At the World Economics Forum, in Davos, Switzerland, the UN Broadband Commission set global broadband targets to bring the 3.8 billion people in the world that are not connected to the internet, online.
The United Nations’ Broadband Commission for Sustainable Development has set seven targets to connect the world’s population without internet access by 2025. Around half of the world’s population is expected to be internet connected by the end of 2019, but this will leave an estimated 3.8billion without access to it. In support of “Connecting the Other Half” the commission publicised its 2025 targets to expand broadband infrastructure, internet access and use around the world, in support of achievement of the Sustainable Development Goals established by the United Nations and the international community in September 2015.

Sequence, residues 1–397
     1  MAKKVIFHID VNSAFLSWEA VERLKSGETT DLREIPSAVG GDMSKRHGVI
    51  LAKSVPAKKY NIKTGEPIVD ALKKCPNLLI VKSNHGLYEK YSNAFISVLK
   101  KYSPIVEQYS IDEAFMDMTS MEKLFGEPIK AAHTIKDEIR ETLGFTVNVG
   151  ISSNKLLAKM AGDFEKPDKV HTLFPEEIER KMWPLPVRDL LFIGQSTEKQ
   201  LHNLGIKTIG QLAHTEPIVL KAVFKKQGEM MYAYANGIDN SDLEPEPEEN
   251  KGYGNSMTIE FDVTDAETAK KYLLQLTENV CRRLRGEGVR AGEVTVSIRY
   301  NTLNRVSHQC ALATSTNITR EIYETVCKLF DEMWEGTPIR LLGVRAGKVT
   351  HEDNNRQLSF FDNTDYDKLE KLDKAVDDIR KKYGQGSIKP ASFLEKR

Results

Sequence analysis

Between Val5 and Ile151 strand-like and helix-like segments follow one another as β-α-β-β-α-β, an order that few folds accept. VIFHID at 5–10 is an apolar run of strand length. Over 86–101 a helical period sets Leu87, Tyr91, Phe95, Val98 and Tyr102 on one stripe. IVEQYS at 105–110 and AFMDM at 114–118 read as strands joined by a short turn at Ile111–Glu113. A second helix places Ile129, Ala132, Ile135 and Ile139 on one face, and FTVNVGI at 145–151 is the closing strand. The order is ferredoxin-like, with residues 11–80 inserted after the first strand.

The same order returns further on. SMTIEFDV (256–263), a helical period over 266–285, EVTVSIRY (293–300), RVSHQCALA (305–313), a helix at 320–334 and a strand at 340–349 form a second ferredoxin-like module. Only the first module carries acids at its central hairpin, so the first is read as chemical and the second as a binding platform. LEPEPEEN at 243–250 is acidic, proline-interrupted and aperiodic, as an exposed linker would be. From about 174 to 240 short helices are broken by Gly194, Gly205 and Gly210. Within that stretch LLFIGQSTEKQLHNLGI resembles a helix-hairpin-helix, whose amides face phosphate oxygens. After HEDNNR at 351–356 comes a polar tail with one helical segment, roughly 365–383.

Among the seven targets to be achieved by 2025 are that entry-level broadband services should be made affordable in developing countries, at less than 2% of monthly gross national income per capita. Another target is for 75% broadband/internet penetration worldwide, 65% in developing countries and 35% in the least developed countries and that 60% of the world’s youth and adult population should have achieved a minimum level of proficiency in sustainable digital skills. It also wants to reduce by half the number of unconnected micro-, small-, and medium-sized enterprises.
The Broadband Commission for Sustainable Development includes industry CEOs, senior policy-makers and government representatives, international agencies, academia and organisations concerned with development.
The Commission promotes broadband in developing countries and under-served communities, and is co-chaired by President Paul Kagame of Rwanda and Carlos Slim Helú of the Carlos Slim Foundation.